When we came to the U.S. [at age 8], I didn’t speak the language. But my parents happened to move across the street from a public golf course and my dad cut down some clubs for us and said, Go play. It was a way of spending our time without having to talk to anybody. But through golf, I met a lot of neat people and I met a lot of other kids who were playing golf at that time. Basically, that’s how my sister and I learned to speak English. We learned golf lingo before we learned anything else. The golf course became our second home.

Are you amazed at all the Koreans now playing the game?

I think I was the first Korean to play college golf. There were not any other Koreans playing college golf at that time. It’s amazing. I’ve lived here nearly all my life. I’m Korean, but I didn’t see the boom first-hand. The game just fits the Koreans really well. I was successful because I knew I had to be really steady. My mind happened to be really good. I think that’s how Koreans are. They don’t get rattled by too many things. They are calm and get their job done. That’s why they are successful in women’s golf.

After such a remarkable amateur career, do you often wonder why you didn’t win more as a professional?

I had a couple of really great years leading up to the [LPGA] Tour. I think I started to take it a bit easier than I needed to. I think I took a lot of it for granted. Nevertheless, I had a lot of great times and met a lot of great people.

Did you ever envision yourself coaching in college?

I never thought I would be a teacher of the game. I just always played it. At this level, it’s really cool because I have a couple of players who I recruited that have some potential. They haven’t quite developed their games all the way, but it’s really neat to share my experiences. You learn a lot about yourself in hindsight. I get to share a lot of my experiences, and not only the good parts. I can talk about the mistakes I have made. I talked to my college coach (Linda Vollstedt) when I first started [coaching]. I remember apologizing to her for what I put her through as a college player. The college experience for these kids is amazing.

Do any of your players know about your exploits as an amateur?

I think some of them do. In the fall I took our team to a golf tournament hosted by the University of Minnesota at the Minikahda Club, where I won my Women’s Amateur. We had a great reception from the president of the club and I mentioned my name. They had my picture up in the card room, and they had a replica of the trophy. I think it hit my players when they saw that.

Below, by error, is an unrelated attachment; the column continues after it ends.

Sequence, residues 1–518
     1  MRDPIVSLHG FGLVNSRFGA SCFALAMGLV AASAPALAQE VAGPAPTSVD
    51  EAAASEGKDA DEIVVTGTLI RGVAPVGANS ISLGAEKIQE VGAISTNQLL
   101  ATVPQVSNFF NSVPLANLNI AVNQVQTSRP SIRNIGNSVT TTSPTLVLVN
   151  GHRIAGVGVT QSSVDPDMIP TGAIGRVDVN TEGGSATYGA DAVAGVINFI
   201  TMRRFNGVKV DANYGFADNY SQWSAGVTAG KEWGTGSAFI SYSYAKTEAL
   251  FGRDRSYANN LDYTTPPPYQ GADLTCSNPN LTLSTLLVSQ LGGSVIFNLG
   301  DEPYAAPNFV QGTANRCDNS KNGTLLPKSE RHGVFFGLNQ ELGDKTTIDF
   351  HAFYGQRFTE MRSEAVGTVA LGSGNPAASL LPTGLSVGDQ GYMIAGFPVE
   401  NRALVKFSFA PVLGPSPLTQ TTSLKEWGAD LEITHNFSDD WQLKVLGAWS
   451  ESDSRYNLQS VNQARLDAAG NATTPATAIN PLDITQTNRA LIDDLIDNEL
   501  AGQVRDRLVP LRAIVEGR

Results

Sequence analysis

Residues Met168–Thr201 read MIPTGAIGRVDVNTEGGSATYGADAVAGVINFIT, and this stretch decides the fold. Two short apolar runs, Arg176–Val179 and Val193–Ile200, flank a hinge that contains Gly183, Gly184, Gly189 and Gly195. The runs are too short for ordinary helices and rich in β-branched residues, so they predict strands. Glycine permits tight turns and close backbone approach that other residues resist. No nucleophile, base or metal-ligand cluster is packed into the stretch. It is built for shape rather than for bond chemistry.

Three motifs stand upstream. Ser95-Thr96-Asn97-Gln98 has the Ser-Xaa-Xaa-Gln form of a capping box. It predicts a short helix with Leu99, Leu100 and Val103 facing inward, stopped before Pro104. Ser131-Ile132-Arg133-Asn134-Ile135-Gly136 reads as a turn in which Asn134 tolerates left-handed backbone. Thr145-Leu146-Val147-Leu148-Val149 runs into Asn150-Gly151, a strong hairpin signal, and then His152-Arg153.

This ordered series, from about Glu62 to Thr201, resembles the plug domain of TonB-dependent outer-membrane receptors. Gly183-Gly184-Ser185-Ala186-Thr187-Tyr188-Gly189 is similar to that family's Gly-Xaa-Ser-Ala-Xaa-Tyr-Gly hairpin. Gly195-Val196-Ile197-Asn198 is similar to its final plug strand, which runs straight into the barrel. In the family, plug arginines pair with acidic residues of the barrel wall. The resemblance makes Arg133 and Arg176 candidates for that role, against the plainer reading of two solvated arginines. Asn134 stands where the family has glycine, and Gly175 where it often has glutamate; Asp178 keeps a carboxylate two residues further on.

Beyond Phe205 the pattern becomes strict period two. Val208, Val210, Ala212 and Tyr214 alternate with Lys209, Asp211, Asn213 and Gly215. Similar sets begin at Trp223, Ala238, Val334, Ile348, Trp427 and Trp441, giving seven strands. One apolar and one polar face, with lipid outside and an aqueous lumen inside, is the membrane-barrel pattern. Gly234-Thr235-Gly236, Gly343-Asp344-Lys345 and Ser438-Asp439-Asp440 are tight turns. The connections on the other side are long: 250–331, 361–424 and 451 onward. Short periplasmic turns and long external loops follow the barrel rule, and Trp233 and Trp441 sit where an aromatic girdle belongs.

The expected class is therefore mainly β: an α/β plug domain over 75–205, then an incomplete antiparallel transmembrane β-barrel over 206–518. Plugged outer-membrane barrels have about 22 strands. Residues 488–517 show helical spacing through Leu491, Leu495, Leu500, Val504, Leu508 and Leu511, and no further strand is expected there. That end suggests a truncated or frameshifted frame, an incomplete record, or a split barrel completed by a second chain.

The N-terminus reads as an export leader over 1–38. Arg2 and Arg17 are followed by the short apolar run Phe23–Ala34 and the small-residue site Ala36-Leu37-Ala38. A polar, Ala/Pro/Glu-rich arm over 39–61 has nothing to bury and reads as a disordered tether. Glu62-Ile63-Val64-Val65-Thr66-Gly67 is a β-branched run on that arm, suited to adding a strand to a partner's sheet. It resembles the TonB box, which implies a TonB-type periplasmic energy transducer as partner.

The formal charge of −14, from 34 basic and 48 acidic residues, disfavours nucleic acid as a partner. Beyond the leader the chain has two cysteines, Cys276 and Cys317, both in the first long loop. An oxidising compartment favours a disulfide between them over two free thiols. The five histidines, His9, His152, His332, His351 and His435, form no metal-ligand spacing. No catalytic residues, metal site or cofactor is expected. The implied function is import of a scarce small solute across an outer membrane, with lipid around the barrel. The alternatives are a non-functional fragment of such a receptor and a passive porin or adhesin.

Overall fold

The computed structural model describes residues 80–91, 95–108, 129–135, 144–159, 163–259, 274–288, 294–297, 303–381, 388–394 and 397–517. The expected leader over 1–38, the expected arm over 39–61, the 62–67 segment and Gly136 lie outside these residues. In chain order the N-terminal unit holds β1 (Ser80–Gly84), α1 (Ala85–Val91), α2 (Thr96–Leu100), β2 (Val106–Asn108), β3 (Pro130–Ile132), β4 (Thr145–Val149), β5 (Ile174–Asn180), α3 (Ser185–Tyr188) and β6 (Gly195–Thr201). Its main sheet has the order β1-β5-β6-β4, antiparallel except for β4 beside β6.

It seems that many of today’s golfers don’t have a good grasp of history. Have you noticed this?

As I got older on the LPGA Tour, new players would come up and they didn’t have the perspective on the history of the game. I remember hitting golf balls on the driving range next to [eight-time USGA champion] JoAnne Carner, who was a great mentor to me when I first got on tour. And this Korean girl came up and tried to make some space in between us. JoAnne left to go to tee it up and this girl comes to me and says: Why does this old lady still play golf? Who is she? I was like, Are you kidding me? I told her to go introduce herself and gave her the whole history. In our era, that’s who we grew up with. I remember coming out on tour and seeing Nancy Lopez for the first time and was so shocked and in awe. It was the same thing with Beth Daniel. That’s why the game has progressed so fast from where it was with these kids, because they have no idea who they are competing against.

Are you saddened by the WAPL being retired?

I don’t know what it’s like now, but back then we were public-course players and we had a little chip on our shoulder. That made us a lot more competitive.

Do you still think about your accomplishments 25 years later?

I’ve been raised to always be pretty humble, so I don’t often think about it. My daughter is 10 years old now, and that’s when I started. I keep begging her to play golf, but she doesn’t want any part of it. I don’t play much anymore and I don’t have a lot of golf stuff around the house, because I don’t play professionally anymore. She wants to be more of a normal kid and play soccer with her friends. But in that perspective, the more I think about it, if she could go down the road I went down and live that life, it’s such a cool life, it would be really neat. That’s the only time I think about what I’ve done as an amateur.

David Shefter is a senior staff writer with the USGA. Email him at dshefter@usga.org.